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Other Questions - Farm Inspections

Thursday, 9 February 2012

Dáil Éireann Debate
Vol. 755 No. 1

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 6.  Deputy Dara Calleary Information on Dara Calleary Zoom on Dara Calleary  asked the Minister for Agriculture, Food and the Marine Information on Simon Coveney Zoom on Simon Coveney  if he will outline in tabular form providing county breakdown of all the cross compliance and GAEC penalties, as well as the land eligibility penalties applied on farmers for 2009, 2010 and 2011, with a detailed breakdown between each of the different cross compliance statutory management requirements and each of the GAEC issues as well as the land eligibility issues the number of farmers penalised in each county under each heading; and the amount of penalties applied or moneys deducted under each heading. [7232/12]

Deputy Simon Coveney: Information on Simon Coveney Zoom on Simon Coveney My Department, in the context of delivering the direct payments schemes, is required to carry out annual inspections covering land eligibility and cross-compliance to ensure compliance with EU regulatory requirements. The value of these schemes to Irish farmers is €1.8 billion annually. It therefore is incumbent on my Department to ensure the regulatory control environment is implemented comprehensively to avoid EU disallowances.

Eligibility checks must be carried out on 5% of applicants. These checks are carried out to verify the actual area claimed in the application form corresponds to the area farmed by the farmer and to ensure that any ineligible land or features are deducted. Up to two thirds of these inspections are carried out without a farm visit, as the information is verified using the technique of remote sensing via satellite. The rate of inspections for cross-compliance is 1% of applicants, to whom the statutory management requirements, SMRs, and good agricultural condition, GAEC, apply. However 3% of farmers must be inspected under the bovine identification and registration requirements, while 3% of sheep or goat farmers must be inspected covering 5% of the flock. The penalty for non-compliance with the SMRs and GAEC is normally 3% but this can be reduced to 1% or increased to 5% depending on the extent, severity and permanence of the non-compliance. Where the non-compliance is deemed intentional, the reduction is normally 20% but this may be reduced to 15% or increased to 100%, depending on the extent, severity and permanence of the non-compliance found. The regulations allow for a tolerance to be applied where the non-compliance is regarded as minor in nature and where remedial action is taken.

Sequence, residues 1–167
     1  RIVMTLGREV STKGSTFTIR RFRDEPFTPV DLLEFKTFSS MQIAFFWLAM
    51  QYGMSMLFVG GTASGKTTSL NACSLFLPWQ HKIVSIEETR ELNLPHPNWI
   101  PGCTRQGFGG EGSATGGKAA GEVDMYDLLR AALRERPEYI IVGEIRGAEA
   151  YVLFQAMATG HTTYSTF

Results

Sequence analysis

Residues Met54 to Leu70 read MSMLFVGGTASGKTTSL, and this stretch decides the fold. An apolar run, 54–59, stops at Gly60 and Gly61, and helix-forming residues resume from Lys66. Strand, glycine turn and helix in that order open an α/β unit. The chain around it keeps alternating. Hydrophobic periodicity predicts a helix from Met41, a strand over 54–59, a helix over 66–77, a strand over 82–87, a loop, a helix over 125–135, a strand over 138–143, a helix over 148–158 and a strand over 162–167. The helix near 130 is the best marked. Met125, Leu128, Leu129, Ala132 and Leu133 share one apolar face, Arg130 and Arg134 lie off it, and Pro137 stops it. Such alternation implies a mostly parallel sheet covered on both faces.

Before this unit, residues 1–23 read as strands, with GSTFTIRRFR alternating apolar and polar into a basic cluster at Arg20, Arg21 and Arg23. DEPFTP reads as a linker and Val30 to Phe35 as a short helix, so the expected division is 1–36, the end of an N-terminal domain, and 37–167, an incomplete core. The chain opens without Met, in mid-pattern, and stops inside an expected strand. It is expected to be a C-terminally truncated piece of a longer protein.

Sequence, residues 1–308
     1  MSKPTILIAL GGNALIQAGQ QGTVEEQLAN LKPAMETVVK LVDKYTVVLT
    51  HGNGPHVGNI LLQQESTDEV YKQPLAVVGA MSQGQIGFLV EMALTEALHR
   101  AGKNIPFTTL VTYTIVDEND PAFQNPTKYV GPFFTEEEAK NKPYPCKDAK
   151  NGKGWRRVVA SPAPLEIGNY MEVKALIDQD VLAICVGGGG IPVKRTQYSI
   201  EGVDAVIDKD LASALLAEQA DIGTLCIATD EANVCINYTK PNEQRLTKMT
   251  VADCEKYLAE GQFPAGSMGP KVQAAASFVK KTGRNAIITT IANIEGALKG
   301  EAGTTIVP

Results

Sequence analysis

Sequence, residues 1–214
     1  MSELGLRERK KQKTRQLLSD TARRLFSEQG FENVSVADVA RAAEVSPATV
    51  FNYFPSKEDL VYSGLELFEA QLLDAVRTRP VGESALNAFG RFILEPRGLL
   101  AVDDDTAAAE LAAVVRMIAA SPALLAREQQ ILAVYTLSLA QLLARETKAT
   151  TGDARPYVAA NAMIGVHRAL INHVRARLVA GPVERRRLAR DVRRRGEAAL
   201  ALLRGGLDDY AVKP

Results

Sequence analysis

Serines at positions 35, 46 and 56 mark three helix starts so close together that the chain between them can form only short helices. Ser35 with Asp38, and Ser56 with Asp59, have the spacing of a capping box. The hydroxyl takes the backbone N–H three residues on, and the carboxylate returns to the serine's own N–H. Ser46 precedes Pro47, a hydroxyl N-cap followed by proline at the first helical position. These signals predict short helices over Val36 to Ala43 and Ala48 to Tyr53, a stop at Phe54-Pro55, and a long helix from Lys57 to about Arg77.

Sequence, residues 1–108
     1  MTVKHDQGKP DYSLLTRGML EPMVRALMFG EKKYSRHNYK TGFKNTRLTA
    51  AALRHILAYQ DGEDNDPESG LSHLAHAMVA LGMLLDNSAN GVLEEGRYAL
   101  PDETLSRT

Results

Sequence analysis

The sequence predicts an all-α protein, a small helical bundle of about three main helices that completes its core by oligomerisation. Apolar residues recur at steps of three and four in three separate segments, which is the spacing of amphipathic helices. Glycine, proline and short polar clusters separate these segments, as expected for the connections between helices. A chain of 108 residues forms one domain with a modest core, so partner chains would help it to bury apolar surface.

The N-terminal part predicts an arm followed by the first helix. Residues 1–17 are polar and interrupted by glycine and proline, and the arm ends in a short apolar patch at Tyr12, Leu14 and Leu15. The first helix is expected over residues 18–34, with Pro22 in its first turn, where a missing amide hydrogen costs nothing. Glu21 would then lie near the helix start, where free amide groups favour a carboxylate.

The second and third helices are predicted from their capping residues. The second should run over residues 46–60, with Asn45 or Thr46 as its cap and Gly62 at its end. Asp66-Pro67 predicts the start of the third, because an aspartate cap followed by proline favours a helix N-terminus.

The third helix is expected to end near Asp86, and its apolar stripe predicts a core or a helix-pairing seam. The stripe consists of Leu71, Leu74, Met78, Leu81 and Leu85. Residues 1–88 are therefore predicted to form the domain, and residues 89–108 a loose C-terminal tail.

An Leas-Cheann Comhairle: Information on Michael Kitt Zoom on Michael Kitt Again I must interrupt the Minister.

Deputy Simon Coveney: Information on Simon Coveney Zoom on Simon Coveney As for the specific question, in the time available it has not been possible to compile a full range of data as requested by the Deputy. However this is being compiled and when it is available, as it is for 2009 and 2010 at present, the details will be forwarded to the Deputy.

[89]Additional information not given on the floor of the House.

It is a regulatory requirement that land eligibility inspections must be finalised before any payments can issue in a given year. On the other hand, cross-compliance inspections take place throughout the calendar year and can be carried out after the payment has been made. In so far as possible, my Department tries to integrate some of the eligibility and cross-compliance inspections with a view to minimising the number of farm visits. However, since all eligibility inspections must be carried out before payment, these inspections are prioritised. Approximately 11,900 farmers were inspected under the 2011 schemes including those inspected using remote sensing.

In the time available it has not been possible to compile the full range of data requested by the Deputy. The information sought will be forwarded to the Deputy as soon as it is compiled.